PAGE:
21. 21. Creating an Efficient Smart Grid Eco-System 20095 Aligning the Eco-SystemScale deployment of ICT can make electricity grids much less wasteful, but the individual interests of eco-system actors pull the system in opposite directions. There is a lack of shared incentive amongparticipants:• Consumers are largely unaware or uninterested• Regulatory pressure for environmental commitments is mild or inconsistent, grid modernisation frameworks and standards are conflicting or immature. Technology providers rush to establish own de- fact standard• Centralised funding is unallocated, yet private investors await commercialisation of products to ensure the return on investment• Utilities are driven by cost-reduction so incentives for grid modernisation are weak; utilities’ business model is unsupportive of Smart Grid• Societal institutions are incapable of generating social pressure or delivering skilled resource baseFacilitation of eco-system take-off requires concerted efforts of governments, regulators, financial andsocietal institutions, industry players and end-users’ involvement. Where do we start? What are thecommon incentives? What policies should we enforce?5.1 Creating frameworks for stakeholder alignmentThe role of regulators and policy makers is vital. On one hand, formal implementation model is ratherstraightforward:• Create & share the vision• Align system-wide incentives• Formalise implementation roadmap & metrics• Allocate resources• Enforce compliance & monitor progressOn the other, the challenge will be in designing a forcefulframework that is flexible and can embrace future, unforeseen,and unimagined business models. Indeed, one cannot possiblypredict the multitude of Smart Grid services in 20-30 years fromnow, just as we did not know what one would do with home PCs inthe 1980s. A natural human response to any ‘new’ way of atraditional activity – be it electricity consumption – is to do same ina ‘better’ way. Thus, AMI and demand-response optimisation haveseen the peak of public attention recently. The cost burden andinvestment restrictions of a traditional utility business model,however, have hampered the scale roll-outs of smart metering infrastructure.Emergent industry needs to start generating revenue fast to keep the momentum and investmentsentiment. But within the current utility model, the economic incentive is insufficient and cannot be sharedwith the demand side. Economic adoptions need to exploit the pull from the most engaged end-userswilling to invest, facilitated by distributed socially networked innovation, and incorporate emergentbusiness models, forming a sort of pull-and-see strategy. In search for a new business model utilities (suchas e.g. YelloStrom) are experimenting to embrace a customer-centric strategy to exploit the market pullfrom the early adopters. A wave of service and product innovation, if facilitated, is poised to emerge.5.2 Design criteriaThe Smart Grid blends technology, operators and connectivity into a Network of networks. Its ambition isto enable new services and business models in a way similar to the Internet, but a lot more complex. The21 of 34 Artemy Voroshilov, Josephine Paschalidou Muller | INSEAD GEMBA 2009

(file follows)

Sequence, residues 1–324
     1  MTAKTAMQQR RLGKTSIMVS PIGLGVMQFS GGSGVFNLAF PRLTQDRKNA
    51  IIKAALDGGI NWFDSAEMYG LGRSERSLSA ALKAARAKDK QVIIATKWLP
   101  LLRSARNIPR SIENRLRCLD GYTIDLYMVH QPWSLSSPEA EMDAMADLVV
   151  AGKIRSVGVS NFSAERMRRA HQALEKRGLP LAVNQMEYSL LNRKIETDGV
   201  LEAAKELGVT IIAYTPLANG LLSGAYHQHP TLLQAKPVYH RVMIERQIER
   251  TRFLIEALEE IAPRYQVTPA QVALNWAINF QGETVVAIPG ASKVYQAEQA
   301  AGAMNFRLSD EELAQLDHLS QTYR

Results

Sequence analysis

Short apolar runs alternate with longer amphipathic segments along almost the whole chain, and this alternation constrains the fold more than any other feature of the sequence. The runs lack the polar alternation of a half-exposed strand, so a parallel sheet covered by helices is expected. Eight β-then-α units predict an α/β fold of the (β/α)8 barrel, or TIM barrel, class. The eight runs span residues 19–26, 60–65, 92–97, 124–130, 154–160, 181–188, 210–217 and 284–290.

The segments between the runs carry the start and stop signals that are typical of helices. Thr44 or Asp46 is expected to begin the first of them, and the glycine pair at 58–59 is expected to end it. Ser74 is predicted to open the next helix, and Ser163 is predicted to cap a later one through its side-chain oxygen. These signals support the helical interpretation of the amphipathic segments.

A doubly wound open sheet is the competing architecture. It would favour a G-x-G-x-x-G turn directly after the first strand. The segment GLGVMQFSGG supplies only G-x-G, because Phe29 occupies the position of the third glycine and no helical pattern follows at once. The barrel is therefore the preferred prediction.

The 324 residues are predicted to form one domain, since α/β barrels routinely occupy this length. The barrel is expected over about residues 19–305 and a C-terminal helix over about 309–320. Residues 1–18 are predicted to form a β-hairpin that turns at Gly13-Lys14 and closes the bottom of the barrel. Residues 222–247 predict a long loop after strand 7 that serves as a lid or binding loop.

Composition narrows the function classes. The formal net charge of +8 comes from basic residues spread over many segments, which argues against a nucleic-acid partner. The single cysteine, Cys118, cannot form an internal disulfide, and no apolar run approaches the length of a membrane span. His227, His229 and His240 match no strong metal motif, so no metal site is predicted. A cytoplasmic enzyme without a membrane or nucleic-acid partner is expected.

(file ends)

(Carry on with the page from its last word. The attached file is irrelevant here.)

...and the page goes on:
22. 22. Creating an Efficient Smart Grid Eco-System 2009fundamental design questions arise - do envisaged measures enable markets? Do they include the end-users and motivate behavioural change? Do they stimulate investment & market interaction? Are they fair?Our design framework will therefore incorporate:• Alignment of actors with a common vision and a set of consistent incentives,• Increased awareness of the Smart Grid across the board with the shared vision for future grid,• Allocation of central funding and stimulation of private investment,• Build in flexibility to encourage emergent business models & facilitate transformation of utility business• Enforcement of open standards with no protectionism; layered architecture with separation of function and loose coupling,5.3 Practical stepsA set of fundamental blocks is proposed:1. There is an urgent need to implement a range of policy measures to create clear, profitable, long- term economic incentives for CO2 reduction in the energy sector. Visionary leadership of Energy Efficiency is a universal unification platform for all stakeholders o Continued Copenhagen process will define layered policy and energy sector regulation with emphasis on macro-economic incentives. Extensive planning, international collaboration and coordination across whole eco-system are required o Governments will need to lead public opinion, the drive needs to be radical and urgent. Utilities must be directed to energy efficiency (e.g. taxation for the energy losses in the grid) o New technologies have higher costs than the incumbents. It is only through technology learning as a result of market deployment that these costs are reduced and products are adapted. Governments must enhance their roll-out programmes2. Customers are a critical force in the adoption of smart grids. Consumer participation & behavioural change must be encouraged – to capture the pull from demand side o Create a favourable aura around smart grids through funded public sustainability campaigns. o Stimulate public awareness through simplified, non-technical communication, articulate the environmental benefits of smart grids, reward early adoption of smart-grid meters and services o Enforce eco-compliance for energy, stimulating demand for cleaner and more flexible services; simplify supplier switch procedure towards those offering RES integration and access to more innovative, focused and value-added products. Procedural complexity in service plane (tariffing, service agreements) must be reduced (i.e. on-stop shopping) o Direct feedback in retail electricity markets is needed to start adjusting consumer behaviour. Next, dynamic pricing legislation will be needed to redistribute consumption towards off-peak o Consumers may have tax refund upon investment on energy efficiency measures or individual clean energy generation3. Stimulated funding & private investment are required - Smart Grid companies need to start generating revenue o Tax reductions to investors for financing energy efficiency projects o Increased subsidies for utilities (in form of tax credit, grants) to promote their investments o Cost recovery policies and favourable depreciation rules to increase incentives for green investments (recovery of book value for assets retired early for ‘smart grid’ reasons) o Ramping down fossil fuels subsidies is a major priority; their redirection is a significant potential source of public funding22 of 34 Artemy Voroshilov, Josephine Paschalidou Muller | INSEAD GEMBA 2009